Furthermore, in a similar fashion to students transferring, many exceptional teachers applied to work at East instead of West due to the class offerings and performance levels of East High School. As a teacher, it is easier, more fun, and more immediately rewarding to work at a school where students are excited about learning. The teachers in those inspirational movies who go into the inner city schools and shake things up for the better are the anomalies, not the norms. As a result, more of the good teachers in the district have ended up at East High School, rather than at West.

Well, how can we fix this?

The tenure system has worked effectively in a number of instances for both public and private schools. There are many teachers and schools systems within the United States that were able to thrive with the help of a tenure system. However, when discussing education reform at the national, or even the state level, we must discuss solutions that will effectively work well for all schools and school systems, until the day when more autonomy is granted to individual school districts. With so many school systems plagued with bureaucracy and internal politics, two things that lead to abuse of tenure, the tenure system cannot adequately support an entire public education system.

As a business student who believes in the power of markets, I argue that all schools should throw out tenure and treat hiring and firing like any other job. Although schools are not businesses, they can be compared to a business – both organizations pay employees to help them reach a goal. For businesses, this goal is profit. For schools, this goal is to provide quality education to students.

Firing Decisions: In the business world, if an employee does good work, they continue to be employed; if they do not do good work, they are let go. It is proven that it takes three to five years for someone in a new job or industry to get really good at what they do, and employee turnover is much more costly than retaining employees. A good business knows to use feedback to seek improvement from unsuccessful employees before letting them go. School administrators should act in a similar manner and work with teachers in an effort to improve their skills before considering firing them. However, good businesses also know when to draw the line and let go a truly incapable employee. Following this model, schools should feel obligated to let go of bad teachers, rather than be apprehensive about doing so; the system should encourage the expulsion of truly incapable employees.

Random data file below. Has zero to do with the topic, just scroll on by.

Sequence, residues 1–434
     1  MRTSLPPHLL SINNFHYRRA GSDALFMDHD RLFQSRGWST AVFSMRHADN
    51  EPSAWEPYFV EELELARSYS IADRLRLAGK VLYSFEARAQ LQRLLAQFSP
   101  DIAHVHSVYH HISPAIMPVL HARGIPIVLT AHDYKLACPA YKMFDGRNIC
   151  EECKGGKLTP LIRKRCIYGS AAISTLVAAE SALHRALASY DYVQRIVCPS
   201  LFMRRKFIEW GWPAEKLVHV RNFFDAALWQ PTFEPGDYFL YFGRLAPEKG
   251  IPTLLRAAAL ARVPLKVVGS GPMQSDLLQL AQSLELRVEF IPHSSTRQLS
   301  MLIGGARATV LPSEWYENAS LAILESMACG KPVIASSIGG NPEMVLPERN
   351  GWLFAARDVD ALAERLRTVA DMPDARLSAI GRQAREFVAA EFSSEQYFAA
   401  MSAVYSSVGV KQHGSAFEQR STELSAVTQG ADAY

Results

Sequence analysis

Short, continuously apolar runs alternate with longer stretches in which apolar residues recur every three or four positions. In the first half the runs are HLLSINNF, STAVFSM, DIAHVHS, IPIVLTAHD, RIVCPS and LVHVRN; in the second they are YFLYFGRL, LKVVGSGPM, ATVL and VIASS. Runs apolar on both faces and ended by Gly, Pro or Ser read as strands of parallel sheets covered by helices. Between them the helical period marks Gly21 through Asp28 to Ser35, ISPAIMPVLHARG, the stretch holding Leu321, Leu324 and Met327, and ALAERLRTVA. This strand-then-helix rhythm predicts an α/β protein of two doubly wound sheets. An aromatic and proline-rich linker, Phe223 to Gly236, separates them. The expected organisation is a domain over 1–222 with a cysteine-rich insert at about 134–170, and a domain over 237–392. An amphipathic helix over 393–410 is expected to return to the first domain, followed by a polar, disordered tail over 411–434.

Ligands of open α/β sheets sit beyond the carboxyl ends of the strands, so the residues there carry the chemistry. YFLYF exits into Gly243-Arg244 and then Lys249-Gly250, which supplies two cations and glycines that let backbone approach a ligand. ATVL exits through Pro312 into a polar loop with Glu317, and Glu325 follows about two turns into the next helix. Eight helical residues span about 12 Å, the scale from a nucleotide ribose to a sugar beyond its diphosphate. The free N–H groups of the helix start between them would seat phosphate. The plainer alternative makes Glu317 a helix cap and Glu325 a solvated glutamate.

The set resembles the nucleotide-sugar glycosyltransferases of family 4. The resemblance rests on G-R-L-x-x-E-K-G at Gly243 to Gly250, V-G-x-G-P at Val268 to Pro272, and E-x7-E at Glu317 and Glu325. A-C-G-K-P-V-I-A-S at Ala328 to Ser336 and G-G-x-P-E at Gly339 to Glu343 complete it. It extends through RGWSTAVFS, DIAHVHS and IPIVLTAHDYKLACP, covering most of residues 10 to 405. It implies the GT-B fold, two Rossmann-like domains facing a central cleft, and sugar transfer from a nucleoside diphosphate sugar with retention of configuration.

Attracting and Retaining Employees: Tenure was originally designed to enable educational institutions to attract and retain good teachers. However, good businesses are able to accomplish both of these things without a system like tenure. Schools can increase pay for teachers based on number of years they have worked with the school or district, and schools can require performance be improved or be maintained at appropriate levels in order for teachers to retain their jobs. This incentivizes teachers to improve their skills while staying loyal to working at a specific school. Further, in instances where layoffs need to be made, the decision to cut staff members should be made based on performance rather than seniority. This again incentivizes teachers to improve and be at their best, rather than promising positions to more senior teachers and allowing their performance to decline with no consequences.

Job Security: Tenure was also designed to act as a security system for teachers who might otherwise lose their job over one (possibly false) accusation. Most do not believe a teacher should be fired for a minor infraction or for one year of low test scores, and good administrators believe this as well. Teachers’ performance and commitment should play a role in firing decisions, just as a business employee’s performance and commitment would. Tenure need not be in place for this to happen.

Equal Distribution of Talent: The performance of teachers can be used as a measurement tool for ensuring equal quality of teachers at various schools. Districts should not allow for all of the great teachers to be grouped in one single facility when many other facilities in the area are in need their talents. If equal proportions of these good teachers exist at various schools, the achievement gaps between those schools will start to close. If good teachers are reluctant to work at certain schools, they can be incentivized with slightly higher pay. With a limited budget, we should be spending more on schools that are struggling instead of pouring money into schools that are already excelling.

Can the East-West divide be resolved?

Had these aforementioned measures been taken in my school district when the Red Plan originally unfolded, the performance gaps between East and West High School would not be as large as they are today. Although district officals cannot go back in time and change the course of history, they can learn from past mistakes. By taking appropriate actions now and abolishing the tenure system, my school district can work to shrink the performance gap between East and West High School. The gap will probably never close completely, but taking appropriate steps can start the process. Only with the proper actions can the school district work to provide a quality education to all of its students, not just the ones who are lucky enough to live on the East side of town.